[Comedies of Fair Use] Art

Andrew Raff
May 1, 2006

I didn't take notes on the presentations by Joy Garnett and Susan Mieselas. Laura Quilter posted an account of their dispute and some of the implications: comedies & tragedies of fair use: "'JoyWar' began when Joy Garnett appropriated a photograph she found on the Internet, and repainted it. Shortly after exhibiting it, she got a cease-and-desist letter from the photographer, Susan Meiselas. Joy’s art rapidly became a cause celebre among Internet artists and activists, who reposted Joy’s art and remixed it with many new works."

Here are my rough notes from the rest of the panel:
Lebeus Woods
-Woods v. Universal City Studios, 920 F. Supp. 62
-Woods was Unhappy with appropriation of image used in 12 monkeys, because it was commercial for the purpose of making money and involved Bruce Willis.
-Sought (and obtained) a preliminary injunction.

Art Spiegelman
-Short of pure communism, there's no answer to this debate. That's something we can discuss at the next conference, otherwise IP is completely divorced from the laws of real property.
-Mad magazine led the development of the right to parody
-The first thing learned after loving the (c) was to avoid lawyers at all costs.
-Again, the length of the lawsuit takes forever.
-"I figured as a hobby, I'd get involved in the legal system"
-Eventually needed to switch over to a much less expensive lawyer who got things done
-On both sides of this all the time.
Recently, he completed a cover for the forthcoming 2006 edition of Dave Eggers' Best American Nonrequired Reading. The forward is by Matt Groening. The bottom of the cover art includes a squiggly yellow graphic element. [Spiegelman showed a slide of the cover art, but that is as yet unavailable on the web.] Everyone loved it, except for the publisher, who wanted to remove the image of Bart Simpson's head. Spiegelman responded: "That's not Bart Simpson, that's a graph of US prestige since WWII."

Carrie McLaren
Displayed a number of exmaples from the illegal art exhibit, including
-Minor Threat / Nike Major Threat side by side
-Diana Thoneycroft "Mickey, Goofy, Barney"
-Kieron Dwyer "Lowest Common Demoninator" Comics (sued by Starbucks and settled)
-Tom Forsythe Food Chain Barbie (Sued by Mattel, the artist won and recovered attorney fees)
-The law isn't a great tool for deciding what is or is not derivative art.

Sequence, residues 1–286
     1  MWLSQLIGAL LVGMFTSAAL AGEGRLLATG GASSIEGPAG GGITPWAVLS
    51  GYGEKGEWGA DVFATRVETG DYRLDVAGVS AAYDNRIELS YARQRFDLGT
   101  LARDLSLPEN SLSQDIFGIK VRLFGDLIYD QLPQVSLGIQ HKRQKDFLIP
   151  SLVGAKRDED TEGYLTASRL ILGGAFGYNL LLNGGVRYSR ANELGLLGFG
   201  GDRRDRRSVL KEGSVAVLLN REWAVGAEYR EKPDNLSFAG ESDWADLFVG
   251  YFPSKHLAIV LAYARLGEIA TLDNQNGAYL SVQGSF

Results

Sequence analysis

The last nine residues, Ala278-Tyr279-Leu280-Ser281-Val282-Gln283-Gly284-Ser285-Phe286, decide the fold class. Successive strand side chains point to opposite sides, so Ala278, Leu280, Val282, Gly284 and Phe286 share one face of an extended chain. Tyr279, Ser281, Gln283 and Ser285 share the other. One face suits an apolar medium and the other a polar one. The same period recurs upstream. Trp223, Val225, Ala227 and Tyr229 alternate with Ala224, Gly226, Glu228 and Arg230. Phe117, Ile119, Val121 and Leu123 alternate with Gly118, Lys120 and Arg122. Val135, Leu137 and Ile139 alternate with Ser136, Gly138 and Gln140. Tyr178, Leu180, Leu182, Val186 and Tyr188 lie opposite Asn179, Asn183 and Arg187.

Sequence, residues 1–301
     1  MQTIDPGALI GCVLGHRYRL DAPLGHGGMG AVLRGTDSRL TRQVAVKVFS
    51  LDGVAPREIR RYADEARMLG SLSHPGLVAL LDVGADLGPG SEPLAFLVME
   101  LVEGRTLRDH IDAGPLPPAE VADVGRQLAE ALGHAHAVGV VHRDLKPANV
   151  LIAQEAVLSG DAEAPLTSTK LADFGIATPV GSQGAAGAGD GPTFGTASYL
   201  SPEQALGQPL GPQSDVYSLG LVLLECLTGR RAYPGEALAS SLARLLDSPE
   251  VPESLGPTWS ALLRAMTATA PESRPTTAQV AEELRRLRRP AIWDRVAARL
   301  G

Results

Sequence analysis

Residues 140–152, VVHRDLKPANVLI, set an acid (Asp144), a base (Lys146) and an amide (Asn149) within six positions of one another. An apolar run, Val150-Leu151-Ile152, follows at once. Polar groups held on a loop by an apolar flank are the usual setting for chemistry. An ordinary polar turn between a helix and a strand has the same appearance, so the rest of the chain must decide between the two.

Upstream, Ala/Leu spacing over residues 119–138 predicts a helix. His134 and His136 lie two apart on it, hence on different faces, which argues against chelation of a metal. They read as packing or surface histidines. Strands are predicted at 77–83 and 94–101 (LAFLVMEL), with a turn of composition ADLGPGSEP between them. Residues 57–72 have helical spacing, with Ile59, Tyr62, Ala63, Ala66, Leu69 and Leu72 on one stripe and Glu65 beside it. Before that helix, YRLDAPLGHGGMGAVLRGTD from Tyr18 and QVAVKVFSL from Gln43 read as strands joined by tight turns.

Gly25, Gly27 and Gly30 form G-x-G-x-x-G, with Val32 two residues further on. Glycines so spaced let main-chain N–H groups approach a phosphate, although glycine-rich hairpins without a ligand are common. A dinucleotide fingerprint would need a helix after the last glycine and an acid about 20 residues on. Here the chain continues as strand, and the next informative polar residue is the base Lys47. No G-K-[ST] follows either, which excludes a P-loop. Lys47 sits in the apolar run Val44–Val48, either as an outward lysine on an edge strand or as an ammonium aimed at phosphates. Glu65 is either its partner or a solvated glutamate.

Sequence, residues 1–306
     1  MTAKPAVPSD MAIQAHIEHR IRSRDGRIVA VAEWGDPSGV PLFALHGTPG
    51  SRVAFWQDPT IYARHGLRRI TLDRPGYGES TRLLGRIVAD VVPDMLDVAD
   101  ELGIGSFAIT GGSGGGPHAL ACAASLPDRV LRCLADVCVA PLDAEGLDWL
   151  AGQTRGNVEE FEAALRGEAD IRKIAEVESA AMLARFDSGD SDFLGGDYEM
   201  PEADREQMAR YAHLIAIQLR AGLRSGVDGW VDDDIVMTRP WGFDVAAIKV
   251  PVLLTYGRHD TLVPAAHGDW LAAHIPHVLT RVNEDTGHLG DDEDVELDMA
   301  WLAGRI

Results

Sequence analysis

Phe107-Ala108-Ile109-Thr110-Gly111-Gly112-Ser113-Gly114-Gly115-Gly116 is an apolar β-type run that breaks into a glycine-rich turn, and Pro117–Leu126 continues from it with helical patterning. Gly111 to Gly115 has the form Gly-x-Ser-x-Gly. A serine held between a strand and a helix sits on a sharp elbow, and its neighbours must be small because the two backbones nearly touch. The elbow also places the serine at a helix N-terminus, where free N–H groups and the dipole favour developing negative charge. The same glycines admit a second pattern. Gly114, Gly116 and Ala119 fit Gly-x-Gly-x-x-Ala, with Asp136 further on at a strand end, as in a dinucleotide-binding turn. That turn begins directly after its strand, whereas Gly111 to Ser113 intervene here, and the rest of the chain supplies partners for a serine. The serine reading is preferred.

-Don't see a lot of companies going after fine artists, but going after mediums that are reproducable.

Joel Wachs (Andy Warhol Foundation)
-As a foundation that represents an artist who freely borrowed from culture and who was also a savvy businessman himself ("The best art is being good in business"), agrees with most everything said this morning. It's more about values, in accordance with the values of Warhol. Non-commercial stuff is cool, but go after commercial uses.
-Warhol left his entire estate to a foundation, which has created a museum in pittsburgh and engaged in his mission to support the visual art.
-Sale of art and licensing name/images to go into an endowmnet, hose earning are used to support the visual arts. (Next year, plans to give away $10m in grants)
-Artist and scholar friendly while remaining very business savvy. Respect the creative process (reference Warhol in the making of their art without challenge and without charge and to let scholars use Warhol material without ever questioning the use.) On the other hand, when someone wants to use copyrights for commercial gain and competes with the foundation's own comemrcial licensing program, then the foundation is aggressive in going after those.
-Not inconsistent because it is about values.
-Best example is the use of Campbell soup. The Warhol foundation recently made a lucrative licensing deal to use Warhol's images of Campbell's soup to promote Campbell's soup.

Panel discussion/audience Q&A
Mieselas: Decontextualizing the image was the key provocative aspect. It's taking the historical moment out of context. It grates because it had that particular history and makes it difficult to deal with.

Wechsler: But what makes it an outrage?

Miselas: My question was why is this about riot? Problem is about the recontextualization of the concept into something it wasn't about.